We are consulting on lowering the age range of children who attend our school from 3-11 years old to 2-11 years old. As a school we want to be able to offer parents 2-year-old provision, so we are proposing to lower the age range so that we can offer 30
funded places. This would be from September 2018.
Not every child is eligible for a funded ‘Early Education for Two Year Olds’. The eligibility criteria have been set by the government, not the school. Places at our proposed two-year-old nursery would be available to the following children:
Whose parents are in receipt of an income-related benefit, which are:
- Income Support
- Income-based Jobseeker’s Allowance (JSA)
- Income-related Employment and Support Allowance (ESA)
- Universal Credit*
- Tax credits and you have an annual income of under £16,190 before tax
- The guaranteed element of State Pension Credit
- Support through part 6 of the Immigration and Asylum Act
- The Working Tax Credit 4-week run on (the payment you get when you stop qualifying for Working Tax Credit)
A child can also get free early education and childcare if any of the following apply:
- they’re looked after by a Local Authority
- they have a current statement of special education needs (SEN) or an Education, Health and Care (EHC) plan
- they get Disability Living Allowance
- they’ve left care under a special guardianship order, child arrangements order or adoption order
This development will support the children and families within the local area with a focus on disadvantaged two year olds who are less likely to have experienced play and learning opportunities outside the home, and might fail to achieve their full potential.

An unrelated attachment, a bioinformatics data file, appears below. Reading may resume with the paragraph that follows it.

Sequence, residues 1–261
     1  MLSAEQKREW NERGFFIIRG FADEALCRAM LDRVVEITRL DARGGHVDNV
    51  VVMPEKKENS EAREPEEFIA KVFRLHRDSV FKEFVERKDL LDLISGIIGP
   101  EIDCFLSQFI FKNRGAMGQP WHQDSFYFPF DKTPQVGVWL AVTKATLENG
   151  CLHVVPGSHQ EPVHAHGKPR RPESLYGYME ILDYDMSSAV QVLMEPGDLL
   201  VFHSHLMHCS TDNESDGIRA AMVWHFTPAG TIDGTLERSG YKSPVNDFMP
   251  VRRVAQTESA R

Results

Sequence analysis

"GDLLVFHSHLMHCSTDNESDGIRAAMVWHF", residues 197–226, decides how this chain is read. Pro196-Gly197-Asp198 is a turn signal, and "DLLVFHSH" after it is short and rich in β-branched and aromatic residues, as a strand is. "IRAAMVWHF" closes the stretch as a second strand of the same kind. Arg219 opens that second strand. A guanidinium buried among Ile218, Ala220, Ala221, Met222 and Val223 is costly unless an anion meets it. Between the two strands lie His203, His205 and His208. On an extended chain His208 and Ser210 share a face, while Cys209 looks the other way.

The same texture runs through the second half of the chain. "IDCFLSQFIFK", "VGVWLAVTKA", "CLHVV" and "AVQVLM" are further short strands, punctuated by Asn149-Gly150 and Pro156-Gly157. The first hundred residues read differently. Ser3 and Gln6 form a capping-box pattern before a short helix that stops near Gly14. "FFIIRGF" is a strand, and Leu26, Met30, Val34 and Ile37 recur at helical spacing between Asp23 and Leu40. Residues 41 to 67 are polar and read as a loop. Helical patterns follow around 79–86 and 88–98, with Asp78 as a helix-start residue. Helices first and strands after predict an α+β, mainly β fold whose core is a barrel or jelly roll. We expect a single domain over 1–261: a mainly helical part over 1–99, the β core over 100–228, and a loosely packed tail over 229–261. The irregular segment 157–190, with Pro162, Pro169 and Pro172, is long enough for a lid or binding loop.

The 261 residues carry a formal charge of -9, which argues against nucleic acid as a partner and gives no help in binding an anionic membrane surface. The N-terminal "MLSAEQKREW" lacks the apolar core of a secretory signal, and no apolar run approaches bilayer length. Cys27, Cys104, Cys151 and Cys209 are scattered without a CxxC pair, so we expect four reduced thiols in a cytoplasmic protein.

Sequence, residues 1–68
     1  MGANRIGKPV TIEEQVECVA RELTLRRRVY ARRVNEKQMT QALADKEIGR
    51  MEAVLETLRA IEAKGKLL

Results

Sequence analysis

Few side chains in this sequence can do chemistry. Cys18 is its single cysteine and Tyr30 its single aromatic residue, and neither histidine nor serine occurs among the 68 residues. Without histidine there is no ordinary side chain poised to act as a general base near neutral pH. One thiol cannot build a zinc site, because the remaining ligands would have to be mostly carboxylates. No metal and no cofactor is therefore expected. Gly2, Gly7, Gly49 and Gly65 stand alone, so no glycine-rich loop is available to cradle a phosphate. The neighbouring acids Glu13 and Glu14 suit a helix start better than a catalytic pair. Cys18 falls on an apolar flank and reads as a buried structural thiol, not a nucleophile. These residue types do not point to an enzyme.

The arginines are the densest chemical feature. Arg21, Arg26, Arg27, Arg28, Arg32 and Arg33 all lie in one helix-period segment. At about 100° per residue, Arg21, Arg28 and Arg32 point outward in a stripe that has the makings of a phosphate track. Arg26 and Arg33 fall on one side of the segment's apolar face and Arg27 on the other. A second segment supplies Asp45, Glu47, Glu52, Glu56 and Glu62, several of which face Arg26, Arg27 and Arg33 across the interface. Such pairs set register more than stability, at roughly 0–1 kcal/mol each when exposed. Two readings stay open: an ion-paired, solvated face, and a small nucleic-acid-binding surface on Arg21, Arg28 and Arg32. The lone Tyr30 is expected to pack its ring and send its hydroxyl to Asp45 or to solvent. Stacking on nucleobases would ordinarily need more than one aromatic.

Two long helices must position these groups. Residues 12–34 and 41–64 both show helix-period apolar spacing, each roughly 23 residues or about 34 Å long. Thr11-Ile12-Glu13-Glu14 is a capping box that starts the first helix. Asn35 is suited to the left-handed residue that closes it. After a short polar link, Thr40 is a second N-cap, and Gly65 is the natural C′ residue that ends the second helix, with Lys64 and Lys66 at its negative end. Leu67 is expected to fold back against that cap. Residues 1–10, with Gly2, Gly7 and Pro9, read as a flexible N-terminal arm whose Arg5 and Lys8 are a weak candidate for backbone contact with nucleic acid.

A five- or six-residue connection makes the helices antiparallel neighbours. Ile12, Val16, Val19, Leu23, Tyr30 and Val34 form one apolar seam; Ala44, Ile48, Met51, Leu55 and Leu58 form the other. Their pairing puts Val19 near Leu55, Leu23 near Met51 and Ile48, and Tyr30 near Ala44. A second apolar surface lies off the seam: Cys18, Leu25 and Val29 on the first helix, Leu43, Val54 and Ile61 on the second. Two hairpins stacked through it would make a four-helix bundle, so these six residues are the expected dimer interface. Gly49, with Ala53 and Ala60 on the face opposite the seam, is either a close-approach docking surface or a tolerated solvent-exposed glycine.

We can anticipate a significant gap between their outcomes and those of their less disadvantaged peer groups.
Early Education for two year olds seeks to redress some of that imbalance. Research has shown that access to quality early education improves children’s outcomes and this provision forms the significant part of early education for two year olds.
There is strong evidence that early education makes a positive difference to young children. The ‘Effective Provision of Pre-school Education’ study found that high quality early education has particularly strong impacts on the cognitive and social development
of disadvantaged children, and that these benefits last throughout primary school.
We would also look at providing other flexible offers of care to children who may not be eligible for a funded place, in line with our business plan.
This letter is to gain your views and comments about this proposal as part of the overall consultation. We will also be informing the local community and other stakeholders in the area, and seeking their views.
The consultation process will begin on Monday 18th June and continues until Friday 20th July after which a full analysis and report with recommendations will be made to Riddlesden St Mary’s full school governing board for a decision
to be made.
You can answer the on-line consultation on the
Bradford Council website.